This probably refers to the "argument" of the Florentine astronomer Francesco Sizzi against the validity of Galileo's discovery of the moons of Jupiter. His "argument" was apparently quoted from the introduction to Francis Bacon, A Selection of His Works (where it illustrates the context of the times), and thereby entered the internet, but it is (thankfully) not Bacon's. Here is the full quote as translated in Fahie, Galileo, his life and work, p.103:
"There are seven windows given to animals
in the domicile of the head, through which the
air is admitted to the tabernacle of the body, to
enlighten, to warm, and to nourish it. What
are these parts of the microcosmos? Two nostrils,
two eyes, two ears, and a mouth. So in the
heavens, as in a macrocosmos, there are two
favourable stars, two unpropitious, two luminaries,
and Mercury undecided and indifferent.
From this and many other similarities in nature, such as the seven metals, etc., which it were tedious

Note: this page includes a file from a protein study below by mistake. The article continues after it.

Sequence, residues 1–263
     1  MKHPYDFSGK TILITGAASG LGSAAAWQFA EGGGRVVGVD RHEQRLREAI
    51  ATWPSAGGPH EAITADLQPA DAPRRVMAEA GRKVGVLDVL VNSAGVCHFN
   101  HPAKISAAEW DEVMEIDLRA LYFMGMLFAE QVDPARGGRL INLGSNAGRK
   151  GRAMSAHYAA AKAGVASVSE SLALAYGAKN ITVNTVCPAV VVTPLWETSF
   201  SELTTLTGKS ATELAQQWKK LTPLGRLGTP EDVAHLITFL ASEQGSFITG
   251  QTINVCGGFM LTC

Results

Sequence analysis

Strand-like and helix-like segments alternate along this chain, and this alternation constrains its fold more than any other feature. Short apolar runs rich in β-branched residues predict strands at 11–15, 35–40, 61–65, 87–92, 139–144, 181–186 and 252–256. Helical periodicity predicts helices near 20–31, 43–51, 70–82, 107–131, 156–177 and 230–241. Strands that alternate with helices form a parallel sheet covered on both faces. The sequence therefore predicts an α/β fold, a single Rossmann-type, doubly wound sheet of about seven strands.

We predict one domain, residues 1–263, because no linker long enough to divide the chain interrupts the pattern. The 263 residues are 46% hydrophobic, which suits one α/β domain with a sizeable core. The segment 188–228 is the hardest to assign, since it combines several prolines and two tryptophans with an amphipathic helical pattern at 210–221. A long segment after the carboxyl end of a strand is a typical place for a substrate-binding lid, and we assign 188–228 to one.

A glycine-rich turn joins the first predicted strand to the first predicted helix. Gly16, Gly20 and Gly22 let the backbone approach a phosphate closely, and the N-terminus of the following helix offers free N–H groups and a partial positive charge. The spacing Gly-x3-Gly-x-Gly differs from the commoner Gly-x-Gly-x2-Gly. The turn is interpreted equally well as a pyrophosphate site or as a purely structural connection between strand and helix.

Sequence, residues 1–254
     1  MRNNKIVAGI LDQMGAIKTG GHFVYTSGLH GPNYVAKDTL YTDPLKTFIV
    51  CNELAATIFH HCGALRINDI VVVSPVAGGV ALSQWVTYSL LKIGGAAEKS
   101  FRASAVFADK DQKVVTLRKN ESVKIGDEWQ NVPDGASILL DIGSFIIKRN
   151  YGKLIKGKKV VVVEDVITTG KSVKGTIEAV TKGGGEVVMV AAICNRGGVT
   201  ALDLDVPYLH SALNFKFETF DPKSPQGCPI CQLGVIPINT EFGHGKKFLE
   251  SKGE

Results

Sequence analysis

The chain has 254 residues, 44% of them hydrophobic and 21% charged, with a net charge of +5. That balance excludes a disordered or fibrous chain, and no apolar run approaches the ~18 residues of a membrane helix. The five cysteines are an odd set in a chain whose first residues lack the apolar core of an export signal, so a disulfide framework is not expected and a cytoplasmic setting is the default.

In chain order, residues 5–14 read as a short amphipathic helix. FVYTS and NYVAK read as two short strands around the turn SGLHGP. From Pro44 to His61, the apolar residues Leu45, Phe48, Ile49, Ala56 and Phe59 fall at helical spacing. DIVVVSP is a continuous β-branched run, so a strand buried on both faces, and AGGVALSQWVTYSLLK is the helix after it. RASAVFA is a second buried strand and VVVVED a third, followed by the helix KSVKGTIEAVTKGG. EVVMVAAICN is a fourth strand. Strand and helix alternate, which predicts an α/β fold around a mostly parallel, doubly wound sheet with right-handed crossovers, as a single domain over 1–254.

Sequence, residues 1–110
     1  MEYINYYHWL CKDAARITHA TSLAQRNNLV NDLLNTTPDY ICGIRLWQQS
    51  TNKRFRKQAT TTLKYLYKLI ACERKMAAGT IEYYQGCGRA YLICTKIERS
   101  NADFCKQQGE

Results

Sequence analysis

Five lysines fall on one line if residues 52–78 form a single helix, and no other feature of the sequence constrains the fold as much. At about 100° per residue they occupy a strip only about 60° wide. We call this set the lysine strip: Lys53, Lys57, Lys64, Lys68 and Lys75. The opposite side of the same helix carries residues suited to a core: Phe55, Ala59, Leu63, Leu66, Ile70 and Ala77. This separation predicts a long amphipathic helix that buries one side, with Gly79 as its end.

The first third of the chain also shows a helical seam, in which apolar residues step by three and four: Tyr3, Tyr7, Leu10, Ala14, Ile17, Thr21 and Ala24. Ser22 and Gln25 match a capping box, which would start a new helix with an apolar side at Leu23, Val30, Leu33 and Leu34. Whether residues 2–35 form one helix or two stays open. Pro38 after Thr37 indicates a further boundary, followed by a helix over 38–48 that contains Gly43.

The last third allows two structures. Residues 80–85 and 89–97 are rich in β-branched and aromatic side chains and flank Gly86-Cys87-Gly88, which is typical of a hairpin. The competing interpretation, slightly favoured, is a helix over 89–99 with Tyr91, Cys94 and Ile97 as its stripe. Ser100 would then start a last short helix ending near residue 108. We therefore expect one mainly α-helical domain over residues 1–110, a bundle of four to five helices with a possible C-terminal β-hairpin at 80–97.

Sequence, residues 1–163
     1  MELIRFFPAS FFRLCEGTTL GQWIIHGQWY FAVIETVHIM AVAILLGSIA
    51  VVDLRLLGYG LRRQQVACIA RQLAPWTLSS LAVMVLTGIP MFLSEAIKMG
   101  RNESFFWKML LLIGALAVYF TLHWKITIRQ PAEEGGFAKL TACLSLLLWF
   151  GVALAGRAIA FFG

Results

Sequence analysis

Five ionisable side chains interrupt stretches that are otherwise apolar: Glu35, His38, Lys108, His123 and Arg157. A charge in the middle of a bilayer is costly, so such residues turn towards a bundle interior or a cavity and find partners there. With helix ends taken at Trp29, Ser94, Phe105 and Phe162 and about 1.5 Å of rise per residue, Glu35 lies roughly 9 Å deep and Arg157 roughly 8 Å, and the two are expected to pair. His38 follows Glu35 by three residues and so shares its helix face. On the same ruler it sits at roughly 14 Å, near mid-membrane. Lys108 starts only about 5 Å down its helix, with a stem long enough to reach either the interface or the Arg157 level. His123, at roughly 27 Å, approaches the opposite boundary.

to enumerate, we gather that the number of
planets is necessarily seven. Moreover, these
satellites of Jupiter are invisible to the naked
eye, and therefore can exercise no influence on
the earth, and therefore would be useless, and
therefore do not exist. Besides, the Jews and
other ancient nations, as well as modern
Europeans, have adopted the division of the
week into seven days, and have named them
after the seven planets. Now, if we increase
the number of the planets, this whole and
beautiful system falls to the ground."
The "logic" is ironclad.